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Weidmann, František


(1910–1944), communal leader. Born in Prague, as a student in secondary school, František Weidmann became a member of Kapper Academic Society, the Czech Jewish student organization. He served as chair of the association from 1930 to 1931 while studying law. In contrast to the leadership of Svaz Čechů-židů (the Union of Czech Jews), which was mostly nationalist and anti-Zionist, Weidmann furthered the cooperation of the Kapper association with Czech-speaking Zionists from the Theodor Herzl Association. Influenced by Jindřich Kohn, the leading philosopher of Czech Jewish integration, Weidmann believed that Jews needed to unite in their fight against antisemitism.

In 1935, Weidmann became secretary of the Social Institute of the Jewish Communities in Greater Prague, a new organization that coordinated different facets of the existing Jewish charitable network in that city. It provided care for the elderly, disabled, mentally ill, and the poor; and assisted orphans and refugees from Nazi Germany. In 1937, Weidmann was elected secretary of the Jewish Religious Community in Prague, a position he was holding when the Nazis occupied the Czech lands on 15 March 1939. In September 1939, he was ordered by the Nazis to be chair of the community, a position that also made him responsible for all Jews in the Protectorate of Bohemia and Moravia. From this difficult position, Weidmann tried his best to alleviate the impact of restrictive Nazi policies.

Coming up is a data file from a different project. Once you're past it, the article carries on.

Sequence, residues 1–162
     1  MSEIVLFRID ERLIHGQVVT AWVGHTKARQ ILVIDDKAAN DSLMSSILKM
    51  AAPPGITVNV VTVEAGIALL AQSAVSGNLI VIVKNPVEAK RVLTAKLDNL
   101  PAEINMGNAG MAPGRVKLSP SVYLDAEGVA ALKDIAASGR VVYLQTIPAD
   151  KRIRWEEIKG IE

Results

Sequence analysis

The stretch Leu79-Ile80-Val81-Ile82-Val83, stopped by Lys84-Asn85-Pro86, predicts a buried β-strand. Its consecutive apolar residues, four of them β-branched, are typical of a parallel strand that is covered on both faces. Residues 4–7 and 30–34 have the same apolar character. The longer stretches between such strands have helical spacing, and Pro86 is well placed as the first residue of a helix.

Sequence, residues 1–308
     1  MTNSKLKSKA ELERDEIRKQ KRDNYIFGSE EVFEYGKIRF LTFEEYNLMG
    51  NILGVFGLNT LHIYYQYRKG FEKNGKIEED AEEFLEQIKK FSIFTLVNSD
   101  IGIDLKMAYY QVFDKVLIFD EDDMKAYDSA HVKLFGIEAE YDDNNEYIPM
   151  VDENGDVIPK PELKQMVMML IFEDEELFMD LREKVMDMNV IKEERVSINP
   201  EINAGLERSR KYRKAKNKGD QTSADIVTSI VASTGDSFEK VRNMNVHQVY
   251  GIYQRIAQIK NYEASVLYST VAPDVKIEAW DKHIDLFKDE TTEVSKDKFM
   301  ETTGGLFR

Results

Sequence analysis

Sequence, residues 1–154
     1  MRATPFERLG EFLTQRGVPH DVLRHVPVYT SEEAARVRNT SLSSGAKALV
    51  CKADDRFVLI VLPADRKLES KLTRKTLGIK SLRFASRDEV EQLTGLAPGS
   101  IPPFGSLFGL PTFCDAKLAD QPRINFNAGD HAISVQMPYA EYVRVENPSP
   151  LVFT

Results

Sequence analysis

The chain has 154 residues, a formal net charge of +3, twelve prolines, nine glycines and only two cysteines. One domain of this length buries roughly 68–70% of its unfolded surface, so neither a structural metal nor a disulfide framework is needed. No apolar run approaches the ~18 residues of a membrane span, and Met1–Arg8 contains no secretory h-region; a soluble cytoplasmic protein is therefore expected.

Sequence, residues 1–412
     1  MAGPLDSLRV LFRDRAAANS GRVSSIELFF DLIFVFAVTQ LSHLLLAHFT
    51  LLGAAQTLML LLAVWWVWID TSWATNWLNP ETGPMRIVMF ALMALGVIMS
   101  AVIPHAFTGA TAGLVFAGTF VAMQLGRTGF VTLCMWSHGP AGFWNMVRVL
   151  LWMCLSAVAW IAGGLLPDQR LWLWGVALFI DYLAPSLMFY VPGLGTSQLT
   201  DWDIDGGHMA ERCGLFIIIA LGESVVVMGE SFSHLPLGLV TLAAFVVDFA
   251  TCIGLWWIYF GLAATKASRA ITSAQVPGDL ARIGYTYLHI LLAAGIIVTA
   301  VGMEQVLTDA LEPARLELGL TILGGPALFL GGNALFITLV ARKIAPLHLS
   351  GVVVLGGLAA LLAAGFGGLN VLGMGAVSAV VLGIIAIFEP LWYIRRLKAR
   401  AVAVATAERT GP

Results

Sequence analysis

Weidmann arrived at the Theresienstadt ghetto with a transport on 28 January 1943; there he no longer held an administrative position. Delivering two lectures in Theresienstadt, he expressed the aspirations of Czech Jews, who were otherwise overshadowed by Zionists in the ghetto: in March 1944, he spoke about Jindřich Kohn and the former Czechoslovak president Tomáš Masaryk, and in June of that year he gave a speech to about 1,500 people in a commemoration ceremony for the Czech Jewish writer Eduard Lederer (Leda). Weidmann was sent to Auschwitz with the last transport from Theresienstadt on 28 October 1944. He was seated in a wagon of people, all of whom were gassed immediately upon their arrival.